What Is A Sea Snot?
The sea snot that dominated the landlocked Marmara Sea earlier this year is nowhere to be seen on the surface nowadays, but its fallout appears to be bigger than experts initially hoped.
Impact of sea snot:
- Overall, 60% of species have already disappeared.
- The layers have sunk and are beginning to decompose.
- The decomposition consumes oxygen in the water, which in turn promotes the formation of new marine mucilage.
- In October, the conditions will be particularly favorable for a new spread. Therefore, the sludge may be visible on the surface again in November.
- The slime could also spread to the Black Sea and the Aegean and may cause a regional ecological crisis.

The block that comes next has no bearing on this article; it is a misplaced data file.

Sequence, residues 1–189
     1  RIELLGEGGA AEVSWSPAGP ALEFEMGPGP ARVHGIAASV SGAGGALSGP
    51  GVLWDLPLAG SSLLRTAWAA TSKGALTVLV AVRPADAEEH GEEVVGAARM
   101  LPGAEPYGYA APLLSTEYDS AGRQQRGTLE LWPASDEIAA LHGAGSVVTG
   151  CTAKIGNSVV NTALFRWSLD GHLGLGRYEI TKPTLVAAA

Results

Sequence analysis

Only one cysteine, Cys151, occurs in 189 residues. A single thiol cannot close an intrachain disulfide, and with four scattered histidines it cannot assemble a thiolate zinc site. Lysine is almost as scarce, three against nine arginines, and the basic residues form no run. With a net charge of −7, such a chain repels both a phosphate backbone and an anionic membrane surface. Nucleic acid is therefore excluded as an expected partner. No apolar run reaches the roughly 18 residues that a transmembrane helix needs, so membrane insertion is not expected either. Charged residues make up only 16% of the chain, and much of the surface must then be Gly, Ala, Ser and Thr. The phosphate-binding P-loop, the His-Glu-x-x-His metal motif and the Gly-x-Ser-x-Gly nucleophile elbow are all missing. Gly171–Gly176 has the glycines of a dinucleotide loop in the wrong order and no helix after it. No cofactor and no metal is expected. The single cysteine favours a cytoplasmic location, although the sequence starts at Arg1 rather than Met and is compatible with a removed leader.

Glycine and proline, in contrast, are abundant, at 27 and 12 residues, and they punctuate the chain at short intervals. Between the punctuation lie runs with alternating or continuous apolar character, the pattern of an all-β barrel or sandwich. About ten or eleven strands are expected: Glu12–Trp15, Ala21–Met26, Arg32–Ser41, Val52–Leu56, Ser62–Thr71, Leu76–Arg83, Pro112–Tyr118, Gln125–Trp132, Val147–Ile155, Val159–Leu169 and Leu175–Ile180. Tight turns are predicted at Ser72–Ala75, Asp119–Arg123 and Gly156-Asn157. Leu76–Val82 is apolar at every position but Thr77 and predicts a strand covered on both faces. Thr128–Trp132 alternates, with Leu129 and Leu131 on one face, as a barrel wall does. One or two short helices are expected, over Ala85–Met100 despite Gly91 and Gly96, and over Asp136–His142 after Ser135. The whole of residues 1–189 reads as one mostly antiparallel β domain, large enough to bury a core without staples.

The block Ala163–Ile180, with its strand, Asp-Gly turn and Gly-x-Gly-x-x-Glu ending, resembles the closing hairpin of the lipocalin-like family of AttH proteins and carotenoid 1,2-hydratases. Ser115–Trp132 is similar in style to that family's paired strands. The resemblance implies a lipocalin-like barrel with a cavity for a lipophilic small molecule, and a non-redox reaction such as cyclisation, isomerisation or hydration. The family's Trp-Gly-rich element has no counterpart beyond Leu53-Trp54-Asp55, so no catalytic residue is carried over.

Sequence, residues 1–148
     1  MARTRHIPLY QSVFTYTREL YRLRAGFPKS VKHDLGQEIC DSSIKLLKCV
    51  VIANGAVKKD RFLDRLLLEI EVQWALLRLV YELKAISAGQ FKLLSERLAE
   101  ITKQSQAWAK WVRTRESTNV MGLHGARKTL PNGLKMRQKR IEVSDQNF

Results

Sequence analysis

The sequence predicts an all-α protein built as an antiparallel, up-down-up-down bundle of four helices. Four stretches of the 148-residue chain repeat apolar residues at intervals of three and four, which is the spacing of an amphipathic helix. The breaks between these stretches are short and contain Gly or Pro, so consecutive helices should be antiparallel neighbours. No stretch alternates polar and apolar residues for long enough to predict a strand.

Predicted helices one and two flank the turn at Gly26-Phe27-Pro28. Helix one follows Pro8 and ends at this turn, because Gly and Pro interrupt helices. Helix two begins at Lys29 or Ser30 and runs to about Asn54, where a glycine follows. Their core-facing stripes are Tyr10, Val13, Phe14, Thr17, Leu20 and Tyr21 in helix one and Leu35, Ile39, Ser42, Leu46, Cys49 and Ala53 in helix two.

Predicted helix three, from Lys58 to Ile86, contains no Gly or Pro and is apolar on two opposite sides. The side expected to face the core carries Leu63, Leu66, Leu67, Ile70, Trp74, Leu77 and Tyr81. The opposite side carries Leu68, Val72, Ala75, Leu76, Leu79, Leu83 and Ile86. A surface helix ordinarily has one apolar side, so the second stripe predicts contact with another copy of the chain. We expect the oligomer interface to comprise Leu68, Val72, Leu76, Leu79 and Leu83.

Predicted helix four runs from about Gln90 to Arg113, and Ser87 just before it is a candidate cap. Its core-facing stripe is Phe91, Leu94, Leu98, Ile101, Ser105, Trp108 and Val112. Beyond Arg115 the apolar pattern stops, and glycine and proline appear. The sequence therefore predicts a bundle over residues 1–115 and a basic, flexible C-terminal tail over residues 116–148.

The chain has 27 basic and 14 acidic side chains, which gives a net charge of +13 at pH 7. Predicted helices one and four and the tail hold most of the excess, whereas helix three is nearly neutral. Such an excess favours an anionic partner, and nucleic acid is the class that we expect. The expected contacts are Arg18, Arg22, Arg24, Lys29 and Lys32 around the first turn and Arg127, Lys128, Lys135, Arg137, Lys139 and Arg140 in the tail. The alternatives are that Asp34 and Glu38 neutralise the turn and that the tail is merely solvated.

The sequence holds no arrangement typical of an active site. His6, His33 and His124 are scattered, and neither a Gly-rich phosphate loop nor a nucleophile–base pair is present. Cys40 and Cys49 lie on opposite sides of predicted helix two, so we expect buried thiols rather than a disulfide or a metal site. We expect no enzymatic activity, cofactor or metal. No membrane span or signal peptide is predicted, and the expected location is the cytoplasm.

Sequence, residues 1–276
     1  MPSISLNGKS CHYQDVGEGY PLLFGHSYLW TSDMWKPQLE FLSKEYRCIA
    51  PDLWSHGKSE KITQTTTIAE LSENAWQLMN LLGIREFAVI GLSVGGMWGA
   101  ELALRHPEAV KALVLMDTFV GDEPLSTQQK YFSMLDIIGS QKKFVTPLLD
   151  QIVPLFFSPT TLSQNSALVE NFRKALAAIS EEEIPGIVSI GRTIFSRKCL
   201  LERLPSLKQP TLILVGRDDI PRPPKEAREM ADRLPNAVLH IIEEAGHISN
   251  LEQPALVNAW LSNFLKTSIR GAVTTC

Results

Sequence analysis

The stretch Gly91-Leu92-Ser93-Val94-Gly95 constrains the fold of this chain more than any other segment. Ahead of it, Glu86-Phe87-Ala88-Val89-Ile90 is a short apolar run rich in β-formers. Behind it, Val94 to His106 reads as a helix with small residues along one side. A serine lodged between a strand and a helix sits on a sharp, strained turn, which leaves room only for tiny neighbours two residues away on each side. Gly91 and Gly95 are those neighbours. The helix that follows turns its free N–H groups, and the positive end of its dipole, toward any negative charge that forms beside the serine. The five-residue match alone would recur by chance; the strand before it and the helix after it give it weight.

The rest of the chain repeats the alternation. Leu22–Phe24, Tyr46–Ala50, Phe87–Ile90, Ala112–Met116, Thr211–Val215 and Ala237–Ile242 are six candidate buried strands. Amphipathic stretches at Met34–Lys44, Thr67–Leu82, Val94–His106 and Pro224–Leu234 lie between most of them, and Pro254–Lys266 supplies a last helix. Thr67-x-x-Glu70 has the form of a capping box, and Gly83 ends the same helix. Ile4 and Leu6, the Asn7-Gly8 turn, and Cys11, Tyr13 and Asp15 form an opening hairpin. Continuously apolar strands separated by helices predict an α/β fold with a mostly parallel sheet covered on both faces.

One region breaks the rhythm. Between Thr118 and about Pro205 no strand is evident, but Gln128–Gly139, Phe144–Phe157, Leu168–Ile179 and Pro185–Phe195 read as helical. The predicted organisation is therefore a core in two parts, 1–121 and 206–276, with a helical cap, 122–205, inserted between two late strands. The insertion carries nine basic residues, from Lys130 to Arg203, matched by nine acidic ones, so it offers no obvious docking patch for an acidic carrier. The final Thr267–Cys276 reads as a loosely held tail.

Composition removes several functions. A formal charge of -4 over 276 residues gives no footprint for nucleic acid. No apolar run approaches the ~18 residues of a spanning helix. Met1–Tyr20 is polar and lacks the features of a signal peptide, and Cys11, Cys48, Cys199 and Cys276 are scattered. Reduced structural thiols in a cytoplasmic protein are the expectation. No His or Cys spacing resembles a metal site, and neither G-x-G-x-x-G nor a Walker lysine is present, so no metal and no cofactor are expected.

Turkey’s Sea of Marmara, that connects the Black Sea to the Aegean Sea, has witnessed the largest outbreak of ‘sea snot’. The sludge has also been spotted in the adjoining Black and Aegean seas.
About Sea snot:
- It is a slimy layer of grey or green sludge, which can cause considerable damage to the marine ecosystem.
- It is formed when algae are overloaded with nutrients.
- A ‘sea snot’ outbreak was first recorded in the country in 2007. Back then, it was also spotted in the Aegean Sea near Greece.
- Overloading of nutrients happens because of warm weather caused by global warming, water pollution, uncontrolled dumping of household and industrial waste into the seas etc.
- Turkey has decided to declare the entire Sea of Marmara as a protected area.
- Steps are being taken to reduce pollution and improve treatment of waste water from coastal cities and ships.
- A disaster management plan is being prepared.